Former Bear Stearns Cos. managers Ralph Cioffi and Matthew Tannin are on the verge of criminal charges for securities fraud for mismanaging two Bear Stearns Cos. hedge funds, costing investors $1.6 billion in losses.
Federal prosecutors have suggested that Cioffi and Tannin could face indictment. “At issue is whether the managers intentionally misled investors by presenting a rosy picture of the funds at a time when they were privately communicating with colleagues about their worries over how the investment vehicles would ride out weakness in the mortgage market,” says Wall Street Journal reporter Kate Kelly.
Bear Stearns’ recent history of financial problems has raised concerns over its management abilities and risk controls. Bear Stearns invested large amounts of borrowed securities into bonds backed by subprime mortgages.
Despite the subsequent meltdown of mortgage-backed securities, Cioffi and Tannin remained optimistic about the subprime market. However, in May 2007, Bear Stearns was unable to repay its investors with cash and meet demands from lenders for additional cash, or margin calls. As a result, Bear Stearns lent $3.2 billion in order to recover its High-Grade fund only to see the funds file for bankruptcy protection a month later. Additional losses to the firm came from the bond market losses and investor panic.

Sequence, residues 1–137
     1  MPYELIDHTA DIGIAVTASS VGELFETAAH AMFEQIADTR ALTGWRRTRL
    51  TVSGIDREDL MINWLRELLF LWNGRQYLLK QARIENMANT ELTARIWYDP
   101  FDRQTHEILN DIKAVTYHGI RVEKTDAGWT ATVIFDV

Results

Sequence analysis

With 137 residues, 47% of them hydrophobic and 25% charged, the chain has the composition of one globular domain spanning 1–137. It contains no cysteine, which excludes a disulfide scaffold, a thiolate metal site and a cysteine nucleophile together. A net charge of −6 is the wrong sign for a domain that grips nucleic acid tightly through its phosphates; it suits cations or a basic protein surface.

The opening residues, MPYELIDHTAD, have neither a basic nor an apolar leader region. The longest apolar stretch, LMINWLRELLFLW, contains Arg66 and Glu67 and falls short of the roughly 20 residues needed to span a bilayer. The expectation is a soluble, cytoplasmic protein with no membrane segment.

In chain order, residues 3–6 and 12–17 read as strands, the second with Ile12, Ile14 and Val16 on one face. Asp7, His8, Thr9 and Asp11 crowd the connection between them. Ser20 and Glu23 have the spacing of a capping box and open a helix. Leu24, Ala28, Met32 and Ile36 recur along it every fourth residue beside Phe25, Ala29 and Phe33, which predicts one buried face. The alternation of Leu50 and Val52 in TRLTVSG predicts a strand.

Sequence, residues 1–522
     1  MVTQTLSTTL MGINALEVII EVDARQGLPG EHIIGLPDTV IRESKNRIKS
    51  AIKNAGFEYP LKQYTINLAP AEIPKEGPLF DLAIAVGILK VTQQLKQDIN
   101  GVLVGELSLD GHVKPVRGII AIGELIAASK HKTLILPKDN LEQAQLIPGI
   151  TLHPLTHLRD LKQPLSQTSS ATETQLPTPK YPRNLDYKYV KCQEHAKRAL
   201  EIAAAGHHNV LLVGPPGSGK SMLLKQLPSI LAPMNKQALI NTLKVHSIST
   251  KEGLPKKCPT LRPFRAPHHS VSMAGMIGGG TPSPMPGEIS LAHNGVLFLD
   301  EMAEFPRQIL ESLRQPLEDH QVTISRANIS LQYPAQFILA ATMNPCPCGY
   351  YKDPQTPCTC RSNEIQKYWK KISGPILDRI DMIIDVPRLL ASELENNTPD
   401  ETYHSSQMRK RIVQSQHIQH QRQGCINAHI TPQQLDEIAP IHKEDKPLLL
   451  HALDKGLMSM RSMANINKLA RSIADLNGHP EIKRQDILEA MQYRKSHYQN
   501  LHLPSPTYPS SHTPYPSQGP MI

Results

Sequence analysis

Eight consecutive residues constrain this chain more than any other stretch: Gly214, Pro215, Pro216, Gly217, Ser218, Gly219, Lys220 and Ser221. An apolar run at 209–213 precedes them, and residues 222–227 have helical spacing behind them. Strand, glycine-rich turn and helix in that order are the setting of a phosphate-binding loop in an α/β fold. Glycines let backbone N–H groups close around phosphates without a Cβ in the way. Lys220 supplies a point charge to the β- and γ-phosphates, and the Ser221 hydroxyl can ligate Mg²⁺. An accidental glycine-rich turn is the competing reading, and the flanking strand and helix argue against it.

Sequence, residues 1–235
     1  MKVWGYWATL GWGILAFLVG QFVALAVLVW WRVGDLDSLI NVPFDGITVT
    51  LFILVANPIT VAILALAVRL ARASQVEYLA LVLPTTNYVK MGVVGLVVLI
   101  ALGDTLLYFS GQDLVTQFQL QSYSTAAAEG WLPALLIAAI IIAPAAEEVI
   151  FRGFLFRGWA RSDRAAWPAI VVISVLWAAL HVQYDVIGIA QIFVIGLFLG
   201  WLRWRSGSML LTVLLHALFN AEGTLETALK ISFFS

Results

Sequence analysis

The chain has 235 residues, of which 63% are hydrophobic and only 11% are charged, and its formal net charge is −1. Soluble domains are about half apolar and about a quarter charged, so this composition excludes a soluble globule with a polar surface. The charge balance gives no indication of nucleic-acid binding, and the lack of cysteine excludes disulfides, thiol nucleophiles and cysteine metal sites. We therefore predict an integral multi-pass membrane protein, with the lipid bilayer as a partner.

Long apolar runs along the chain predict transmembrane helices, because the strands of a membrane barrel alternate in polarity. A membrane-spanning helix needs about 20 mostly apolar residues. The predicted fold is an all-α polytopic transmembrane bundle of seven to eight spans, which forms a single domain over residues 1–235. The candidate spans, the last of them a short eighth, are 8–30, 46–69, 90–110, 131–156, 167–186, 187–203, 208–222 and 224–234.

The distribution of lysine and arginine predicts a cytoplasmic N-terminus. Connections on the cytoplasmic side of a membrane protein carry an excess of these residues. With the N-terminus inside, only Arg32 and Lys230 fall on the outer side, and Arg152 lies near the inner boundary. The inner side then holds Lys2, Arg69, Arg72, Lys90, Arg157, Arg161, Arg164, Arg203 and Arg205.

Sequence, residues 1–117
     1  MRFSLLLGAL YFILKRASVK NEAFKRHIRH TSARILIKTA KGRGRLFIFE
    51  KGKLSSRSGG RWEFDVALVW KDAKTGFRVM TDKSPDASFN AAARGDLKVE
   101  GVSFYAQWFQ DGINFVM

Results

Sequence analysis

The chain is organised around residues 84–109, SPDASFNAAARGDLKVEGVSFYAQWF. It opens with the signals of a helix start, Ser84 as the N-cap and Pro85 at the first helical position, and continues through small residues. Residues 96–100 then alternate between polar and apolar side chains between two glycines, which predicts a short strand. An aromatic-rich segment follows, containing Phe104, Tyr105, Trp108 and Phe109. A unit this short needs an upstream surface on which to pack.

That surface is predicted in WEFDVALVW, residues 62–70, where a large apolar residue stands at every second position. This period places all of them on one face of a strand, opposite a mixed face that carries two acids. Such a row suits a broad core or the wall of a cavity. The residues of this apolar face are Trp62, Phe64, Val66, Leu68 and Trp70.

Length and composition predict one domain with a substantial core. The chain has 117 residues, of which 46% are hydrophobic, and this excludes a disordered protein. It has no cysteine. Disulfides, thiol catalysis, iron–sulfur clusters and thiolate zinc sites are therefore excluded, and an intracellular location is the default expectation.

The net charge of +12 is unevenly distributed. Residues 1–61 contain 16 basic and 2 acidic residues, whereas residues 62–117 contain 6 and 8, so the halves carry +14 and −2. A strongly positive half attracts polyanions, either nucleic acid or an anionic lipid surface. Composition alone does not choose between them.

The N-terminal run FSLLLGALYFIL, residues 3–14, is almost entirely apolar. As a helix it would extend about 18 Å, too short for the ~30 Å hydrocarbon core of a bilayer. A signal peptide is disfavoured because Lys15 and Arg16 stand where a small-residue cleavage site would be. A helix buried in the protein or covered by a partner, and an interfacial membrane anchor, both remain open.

The potential indictment of managers from Bear Stearns, now part of J.P. Morgan Chase & Co., could mark the beginning of more investigations dealing with the mortgage-market crisis, which began a year ago. More financial firms are taking precautions to provide more precise valuations on their holdings of mortgage securities.